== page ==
Reference models deconstruct enterprise architecture into useable and tangible assets that encourage organizational reuse. The performance reference model (PRM) focuses on goals and objectives, capturing unique performance indicators. The business reference model (BRM) concentrates on intra- and inter-business partner shared services and customer partners. The data reference model (DRM)targets business-focused data standardization and cross-business partner information exchanges. The application reference model (ARM) details the software that provides functionality including enterprise service bus (ESB) or microservices interactions. The infrastructure reference model (IRM) looks at the hardware providing functionality and the hosting, data centers, cloud, and virtualization components. Lastly, the security reference model (SRM) defines risk-adjusted security and privacy protections, identifying security controls and how these controls are implemented. To summarize:

  1. PRM: goals, measured areas, and measured categories
  2. BRM: objective, business function, and services
  3. DRM: domain, subject, and topic
  4. ARM: system, application components, and interfaces
  5. IRM: platform, network, and facility
  6. SRM: purpose, risk, and control

Enterprise architecture and the use of applied reference models allows more effective management of information technology portfolios to deliver more consistent positive outcomes.

Enterprise architecture adoption improves business modularity. This additional flexibility supports faster responses to market conditions that change your competitive landscape.

Use enterprise architecture wisely. Why? Because it changes how you do business.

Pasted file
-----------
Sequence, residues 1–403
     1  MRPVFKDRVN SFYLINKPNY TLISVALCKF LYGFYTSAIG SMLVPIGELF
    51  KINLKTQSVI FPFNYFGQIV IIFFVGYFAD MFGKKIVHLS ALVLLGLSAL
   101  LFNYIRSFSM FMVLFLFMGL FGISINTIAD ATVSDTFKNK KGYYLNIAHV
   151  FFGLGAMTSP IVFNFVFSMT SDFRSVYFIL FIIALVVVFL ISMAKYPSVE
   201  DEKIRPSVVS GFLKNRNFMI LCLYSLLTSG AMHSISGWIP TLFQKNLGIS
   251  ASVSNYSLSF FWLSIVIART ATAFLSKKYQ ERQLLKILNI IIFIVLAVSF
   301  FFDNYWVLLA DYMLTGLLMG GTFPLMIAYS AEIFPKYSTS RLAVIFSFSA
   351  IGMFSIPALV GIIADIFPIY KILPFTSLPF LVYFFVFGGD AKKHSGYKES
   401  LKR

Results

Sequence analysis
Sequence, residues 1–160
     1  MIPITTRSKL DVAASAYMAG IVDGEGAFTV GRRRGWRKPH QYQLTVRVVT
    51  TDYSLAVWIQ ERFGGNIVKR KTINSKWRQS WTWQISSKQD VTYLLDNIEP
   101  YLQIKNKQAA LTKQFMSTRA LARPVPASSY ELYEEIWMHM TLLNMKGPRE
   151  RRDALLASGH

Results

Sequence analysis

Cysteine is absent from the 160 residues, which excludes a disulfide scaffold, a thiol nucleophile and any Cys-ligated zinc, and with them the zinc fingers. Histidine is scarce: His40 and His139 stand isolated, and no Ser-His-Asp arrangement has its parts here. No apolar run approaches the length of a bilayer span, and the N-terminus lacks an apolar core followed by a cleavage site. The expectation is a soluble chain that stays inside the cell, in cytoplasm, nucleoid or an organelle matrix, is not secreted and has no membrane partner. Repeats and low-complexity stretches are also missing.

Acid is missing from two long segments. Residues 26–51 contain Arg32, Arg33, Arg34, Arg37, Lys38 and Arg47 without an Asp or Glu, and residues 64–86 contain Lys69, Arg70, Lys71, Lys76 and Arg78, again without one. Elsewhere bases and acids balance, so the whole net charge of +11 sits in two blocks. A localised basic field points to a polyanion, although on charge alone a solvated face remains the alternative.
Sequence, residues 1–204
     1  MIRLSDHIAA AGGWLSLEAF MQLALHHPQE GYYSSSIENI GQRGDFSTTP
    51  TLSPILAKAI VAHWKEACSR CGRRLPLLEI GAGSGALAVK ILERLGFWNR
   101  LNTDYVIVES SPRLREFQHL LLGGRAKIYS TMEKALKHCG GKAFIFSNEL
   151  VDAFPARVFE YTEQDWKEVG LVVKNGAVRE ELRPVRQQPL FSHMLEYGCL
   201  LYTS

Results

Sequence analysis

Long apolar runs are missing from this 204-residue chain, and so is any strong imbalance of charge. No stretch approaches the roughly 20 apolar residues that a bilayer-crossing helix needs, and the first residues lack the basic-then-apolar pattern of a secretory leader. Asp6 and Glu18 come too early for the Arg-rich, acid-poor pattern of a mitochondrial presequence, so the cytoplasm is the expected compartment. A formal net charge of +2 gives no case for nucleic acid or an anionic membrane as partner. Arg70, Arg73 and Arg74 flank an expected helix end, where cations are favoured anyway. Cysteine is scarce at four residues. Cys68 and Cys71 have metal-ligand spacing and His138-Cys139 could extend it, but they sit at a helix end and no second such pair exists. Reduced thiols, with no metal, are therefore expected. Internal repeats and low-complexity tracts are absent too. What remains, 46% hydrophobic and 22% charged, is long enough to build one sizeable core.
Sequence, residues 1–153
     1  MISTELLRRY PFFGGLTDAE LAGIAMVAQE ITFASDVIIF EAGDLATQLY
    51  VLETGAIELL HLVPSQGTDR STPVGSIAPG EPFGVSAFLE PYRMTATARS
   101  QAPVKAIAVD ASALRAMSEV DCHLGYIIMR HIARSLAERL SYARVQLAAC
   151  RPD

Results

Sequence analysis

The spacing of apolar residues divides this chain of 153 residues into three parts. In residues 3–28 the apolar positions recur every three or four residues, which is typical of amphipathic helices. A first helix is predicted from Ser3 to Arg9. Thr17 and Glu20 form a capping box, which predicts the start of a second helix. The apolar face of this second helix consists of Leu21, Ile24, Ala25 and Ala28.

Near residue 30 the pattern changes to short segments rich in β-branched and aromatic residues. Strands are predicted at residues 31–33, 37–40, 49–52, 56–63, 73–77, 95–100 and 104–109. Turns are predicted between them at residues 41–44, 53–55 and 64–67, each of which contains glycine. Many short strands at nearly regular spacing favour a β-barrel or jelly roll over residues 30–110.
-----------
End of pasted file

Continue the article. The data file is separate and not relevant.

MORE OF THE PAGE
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Peter is a technology executive with 19 years of experience, dedicated to driving innovation, digital transformation, leadership, and data in business. He helps organizations connect strategy to execution to maximize company performance. He has been recognized for Digital Innovation by CIO 100, MIT Sloan, Computerworld, and the Project Management Institute. As Managing Director at OROCA Innovations, Peter leads the CXO advisory services practice, driving digital strategies. Peter was honored as an MIT Sloan CIO Leadership Award Finalist in 2015 and is a regular contributor to CIO.com on innovation. Peter has led businesses through complex changes, including the adoption of data-first approaches for portfolio management, lean six sigma for operational excellence, departmental transformations, process improvements, maximizing team performance, designing new IT operating models, digitizing platforms, leading large-scale mission-critical technology deployments, product management, agile methodologies, and building high-performance teams. As Chief Information Officer, Peter was responsible for Connecticut’s Health Insurance Exchange’s (HIX) industry-leading digital platform transforming consumerism and retail oriented services for the health insurance industry. Peter championed the Connecticut marketplace digital implementation with a transformational cloud-based SaaS platform and mobile application recognized as a 2014 PMI Project of the Year Award finalist, CIO 100, and awards for best digital services, API, and platform. He also received a lifetime achievement award for leadership and digital transformation, honored as a 2016 Computerworld Premier 100 IT Leader. Peter is the author of Learning Intelligence: Expand Thinking. Absorb Alternative. Unlock Possibilities (2017), which Marshall Goldsmith, author of the New York Times No. 1 bestseller Triggers, calls "a must-read for any leader wanting to compete in the innovation-powered landscape of today." Peter also authored The Power of Blockchain for Healthcare: How Blockchain Will Ignite The Future of Healthcare (2017), the first book to explore the vast opportunities for blockchain to transform the patient experience. Peter has a B.S. in C.I.S from Bentley University and an MBA from Quinnipiac University, where he graduated Summa Cum Laude. He earned his PMP® in 2001 and is a certified Six Sigma Master Black Belt, Masters in Business Relationship Management (MBRM) and Certified Scrum Master. As a Commercial Rated Aviation Pilot and Master Scuba Diver, Peter understands first hand, how to anticipate change and lead boldly.